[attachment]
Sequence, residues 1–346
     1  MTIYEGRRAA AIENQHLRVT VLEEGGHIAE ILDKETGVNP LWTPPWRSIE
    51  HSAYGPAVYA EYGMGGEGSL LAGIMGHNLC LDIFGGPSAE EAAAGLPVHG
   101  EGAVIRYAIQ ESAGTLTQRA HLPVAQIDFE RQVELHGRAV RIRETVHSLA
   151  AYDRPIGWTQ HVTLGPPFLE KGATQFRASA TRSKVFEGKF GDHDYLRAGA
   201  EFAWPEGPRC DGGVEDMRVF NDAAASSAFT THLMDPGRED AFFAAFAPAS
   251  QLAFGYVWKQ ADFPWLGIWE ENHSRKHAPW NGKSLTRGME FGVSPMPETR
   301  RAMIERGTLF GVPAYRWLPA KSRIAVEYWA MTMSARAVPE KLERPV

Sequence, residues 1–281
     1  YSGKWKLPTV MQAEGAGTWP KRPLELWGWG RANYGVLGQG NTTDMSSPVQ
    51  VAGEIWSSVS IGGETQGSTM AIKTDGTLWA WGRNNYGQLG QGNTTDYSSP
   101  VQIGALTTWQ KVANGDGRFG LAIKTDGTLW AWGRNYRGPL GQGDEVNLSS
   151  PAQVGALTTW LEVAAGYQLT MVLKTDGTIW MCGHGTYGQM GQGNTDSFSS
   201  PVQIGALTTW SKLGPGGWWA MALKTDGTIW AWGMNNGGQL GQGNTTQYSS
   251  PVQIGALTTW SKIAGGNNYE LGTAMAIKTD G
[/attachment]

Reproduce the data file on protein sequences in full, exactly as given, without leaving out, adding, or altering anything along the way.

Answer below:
Sequence, residues 1–346
     1  MTIYEGRRAA AIENQHLRVT VLEEGGHIAE ILDKETGVNP LWTPPWRSIE
    51  HSAYGPAVYA EYGMGGEGSL LAGIMGHNLC LDIFGGPSAE EAAAGLPVHG
   101  EGAVIRYAIQ ESAGTLTQRA HLPVAQIDFE RQVELHGRAV RIRETVHSLA
   151  AYDRPIGWTQ HVTLGPPFLE KGATQFRASA TRSKVFEGKF GDHDYLRAGA
   201  EFAWPEGPRC DGGVEDMRVF NDAAASSAFT THLMDPGRED AFFAAFAPAS
   251  QLAFGYVWKQ ADFPWLGIWE ENHSRKHAPW NGKSLTRGME FGVSPMPETR
   301  RAMIERGTLF GVPAYRWLPA KSRIAVEYWA MTMSARAVPE KLERPV

Sequence, residues 1–281
     1  YSGKWKLPTV MQAEGAGTWP KRPLELWGWG RANYGVLGQG NTTDMSSPVQ
    51  VAGEIWSSVS IGGETQGSTM AIKTDGTLWA WGRNNYGQLG QGNTTDYSSP
   101  VQIGALTTWQ KVANGDGRFG LAIKTDGTLW AWGRNYRGPL GQGDEVNLSS
   151  PAQVGALTTW LEVAAGYQLT MVLKTDGTIW MCGHGTYGQM GQGNTDSFSS
   201  PVQIGALTTW SKLGPGGWWA MALKTDGTIW AWGMNNGGQL GQGNTTQYSS
   251  PVQIGALTTW SKIAGGNNYE LGTAMAIKTD G